Directed by Renny Harlin, starring Stellan Skarsgard, Izabella Scorupco, James D'Arcy and Remy Sweeney.
Horror films rarely fare well when it comes to spin-offs - witness 'A Nightmare on Elm Street', 'Friday the 13th', 'Halloween' and, of course, 'The Exorcist'. But the news that Paul Schrader, director of 'Auto Focus' and 'Affliction' and writer of 'Raging Bull' and 'Taxi Driver', would be in charge of 'The Exorcist' prequel was enough to make fans who had suffered the sequels '...The Heretic' and '...Legion' at least curious. However studio bosses were unhappy with Schrader's finished film and Renny Harlin, the director of 'Cliffhanger' and 'Die Hard 2', was brought in to shoot a new movie with a different script and only original star Stellan Skarsgard remaining. The nicest thing you can say about Harlin's film is that it will really make you want to see Schrader's.
After the horrors he witnessed in World War Two, Lankaster Merrin (Skarsgard, playing the younger version of Max von Sydow's character from the original film) has lost his faith, left the priesthood and returned to archaeology. While in Cairo he is approached by a stranger with an unusual offer of work. The British government is funding a dig in Kenya, where a
Byzantine church - buried after it was built - has been found. Now Merrin's new employer wants him to find a small sculpture in the church and hide it from those working at the site. And so begins Merrin's journey into terror and his first steps on the road to re-discovering his faith.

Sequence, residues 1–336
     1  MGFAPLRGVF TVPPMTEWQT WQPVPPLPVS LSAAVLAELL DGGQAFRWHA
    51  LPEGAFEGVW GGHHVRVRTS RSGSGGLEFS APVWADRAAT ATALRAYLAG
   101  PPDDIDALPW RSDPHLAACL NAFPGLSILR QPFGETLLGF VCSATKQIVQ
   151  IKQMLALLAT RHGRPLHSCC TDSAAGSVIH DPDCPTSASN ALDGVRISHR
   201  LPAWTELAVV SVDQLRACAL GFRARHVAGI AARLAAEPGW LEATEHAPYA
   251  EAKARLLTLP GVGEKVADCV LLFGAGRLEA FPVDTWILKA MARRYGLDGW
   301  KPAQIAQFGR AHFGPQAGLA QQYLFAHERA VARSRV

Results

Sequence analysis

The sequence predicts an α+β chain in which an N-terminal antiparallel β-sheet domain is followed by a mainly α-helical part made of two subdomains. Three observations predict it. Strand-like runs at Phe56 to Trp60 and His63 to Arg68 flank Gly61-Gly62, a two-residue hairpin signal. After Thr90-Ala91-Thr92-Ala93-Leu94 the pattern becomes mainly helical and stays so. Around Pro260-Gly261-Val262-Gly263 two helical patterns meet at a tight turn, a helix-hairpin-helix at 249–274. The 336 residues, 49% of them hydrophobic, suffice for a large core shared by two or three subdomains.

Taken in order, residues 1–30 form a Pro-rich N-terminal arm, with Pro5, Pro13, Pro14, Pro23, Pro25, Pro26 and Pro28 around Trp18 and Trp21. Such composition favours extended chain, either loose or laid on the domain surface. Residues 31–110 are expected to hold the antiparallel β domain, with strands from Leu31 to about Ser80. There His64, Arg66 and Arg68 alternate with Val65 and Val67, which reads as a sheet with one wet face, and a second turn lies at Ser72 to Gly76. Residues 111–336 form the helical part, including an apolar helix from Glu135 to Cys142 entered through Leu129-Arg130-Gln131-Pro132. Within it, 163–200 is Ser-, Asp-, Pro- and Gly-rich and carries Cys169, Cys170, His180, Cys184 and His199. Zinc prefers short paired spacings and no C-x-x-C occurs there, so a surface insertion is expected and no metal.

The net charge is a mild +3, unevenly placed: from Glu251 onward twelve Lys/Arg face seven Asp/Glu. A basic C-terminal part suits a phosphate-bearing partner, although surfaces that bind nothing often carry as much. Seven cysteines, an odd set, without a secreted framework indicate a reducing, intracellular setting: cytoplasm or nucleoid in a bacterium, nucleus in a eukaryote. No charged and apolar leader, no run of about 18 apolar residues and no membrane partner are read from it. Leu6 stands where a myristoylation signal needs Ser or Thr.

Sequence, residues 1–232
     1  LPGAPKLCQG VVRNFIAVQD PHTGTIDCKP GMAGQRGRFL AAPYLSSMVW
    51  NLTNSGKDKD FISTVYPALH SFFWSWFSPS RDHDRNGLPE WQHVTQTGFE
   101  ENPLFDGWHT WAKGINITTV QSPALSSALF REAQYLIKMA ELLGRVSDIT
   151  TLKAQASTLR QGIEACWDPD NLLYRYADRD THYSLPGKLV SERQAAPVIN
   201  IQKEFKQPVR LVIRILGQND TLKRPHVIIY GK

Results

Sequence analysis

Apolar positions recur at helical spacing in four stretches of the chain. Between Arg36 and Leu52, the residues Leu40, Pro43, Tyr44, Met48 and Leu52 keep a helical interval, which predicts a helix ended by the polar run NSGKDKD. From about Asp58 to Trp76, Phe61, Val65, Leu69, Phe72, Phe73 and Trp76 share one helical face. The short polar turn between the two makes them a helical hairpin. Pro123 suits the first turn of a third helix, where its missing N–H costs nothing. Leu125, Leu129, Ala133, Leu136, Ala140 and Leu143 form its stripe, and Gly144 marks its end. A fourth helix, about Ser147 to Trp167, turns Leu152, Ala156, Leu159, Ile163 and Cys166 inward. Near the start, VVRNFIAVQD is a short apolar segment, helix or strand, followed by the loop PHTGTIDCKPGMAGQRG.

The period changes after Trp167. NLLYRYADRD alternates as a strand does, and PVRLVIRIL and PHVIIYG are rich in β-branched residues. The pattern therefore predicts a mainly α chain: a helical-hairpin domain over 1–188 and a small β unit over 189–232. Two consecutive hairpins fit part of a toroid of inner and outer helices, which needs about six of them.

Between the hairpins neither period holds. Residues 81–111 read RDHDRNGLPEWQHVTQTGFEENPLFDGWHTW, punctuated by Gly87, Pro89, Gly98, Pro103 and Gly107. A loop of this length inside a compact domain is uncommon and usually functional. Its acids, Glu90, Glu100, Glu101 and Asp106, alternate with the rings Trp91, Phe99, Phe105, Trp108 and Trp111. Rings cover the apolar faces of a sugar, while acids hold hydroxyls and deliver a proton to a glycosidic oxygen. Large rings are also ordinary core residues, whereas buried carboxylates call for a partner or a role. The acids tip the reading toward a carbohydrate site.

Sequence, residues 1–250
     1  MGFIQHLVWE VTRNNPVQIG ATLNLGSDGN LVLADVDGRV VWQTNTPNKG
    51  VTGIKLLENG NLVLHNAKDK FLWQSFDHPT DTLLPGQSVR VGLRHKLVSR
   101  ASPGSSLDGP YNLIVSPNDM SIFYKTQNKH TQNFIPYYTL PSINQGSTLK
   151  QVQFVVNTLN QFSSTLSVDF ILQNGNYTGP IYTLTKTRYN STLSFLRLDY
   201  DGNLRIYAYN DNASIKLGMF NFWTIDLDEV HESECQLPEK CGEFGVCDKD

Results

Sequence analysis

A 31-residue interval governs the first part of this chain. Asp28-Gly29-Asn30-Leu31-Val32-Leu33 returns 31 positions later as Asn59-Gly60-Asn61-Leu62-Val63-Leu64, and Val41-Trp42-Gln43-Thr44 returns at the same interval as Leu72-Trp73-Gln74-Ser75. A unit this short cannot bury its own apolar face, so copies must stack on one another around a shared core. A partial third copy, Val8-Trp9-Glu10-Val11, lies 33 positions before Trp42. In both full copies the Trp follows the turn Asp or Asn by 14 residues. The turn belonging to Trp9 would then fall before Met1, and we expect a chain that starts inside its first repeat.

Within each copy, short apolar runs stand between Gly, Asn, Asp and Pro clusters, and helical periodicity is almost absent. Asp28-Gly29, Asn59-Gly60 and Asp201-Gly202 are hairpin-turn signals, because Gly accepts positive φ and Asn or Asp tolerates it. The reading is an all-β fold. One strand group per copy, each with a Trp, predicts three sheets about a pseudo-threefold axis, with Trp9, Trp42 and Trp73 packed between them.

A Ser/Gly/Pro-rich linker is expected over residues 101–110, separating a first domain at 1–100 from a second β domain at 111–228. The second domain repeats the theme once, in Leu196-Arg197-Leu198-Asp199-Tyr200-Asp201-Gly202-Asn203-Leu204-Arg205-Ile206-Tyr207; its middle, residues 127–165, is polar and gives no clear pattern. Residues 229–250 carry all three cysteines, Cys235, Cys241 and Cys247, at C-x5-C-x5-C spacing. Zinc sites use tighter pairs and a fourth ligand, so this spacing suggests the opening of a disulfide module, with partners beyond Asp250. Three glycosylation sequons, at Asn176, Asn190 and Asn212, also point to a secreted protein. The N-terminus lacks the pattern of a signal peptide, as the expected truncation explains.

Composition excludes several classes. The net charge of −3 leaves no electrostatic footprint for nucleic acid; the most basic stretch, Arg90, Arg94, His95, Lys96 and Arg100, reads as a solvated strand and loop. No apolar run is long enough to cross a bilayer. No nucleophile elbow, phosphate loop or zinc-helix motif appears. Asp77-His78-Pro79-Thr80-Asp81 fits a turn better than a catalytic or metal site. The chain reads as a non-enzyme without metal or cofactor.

The plot is intriguing and the film begins promisingly (even knitting together some visual references from the original), but 'Exorcist: The Beginning' runs out of ideas long before good and evil square up for the final showdown. Wading through the corny dialogue and hammy support surrounding him, Skarsgard suitably underplays the lead role, but it's a performance for a better and more thought-provoking film. In this one Harlin opts
for gore, loud noise, CGI and well-foreseen scares that will only have horror fans on the edge of their seats if they're about to get up and leave.
Should they stick around they're in for a perverse treat with an unintentionally hilarious ending that suggests Harlin missed his calling to direct one of French and Saunders' spoofs or, better still, a sequel to 'Repossessed'.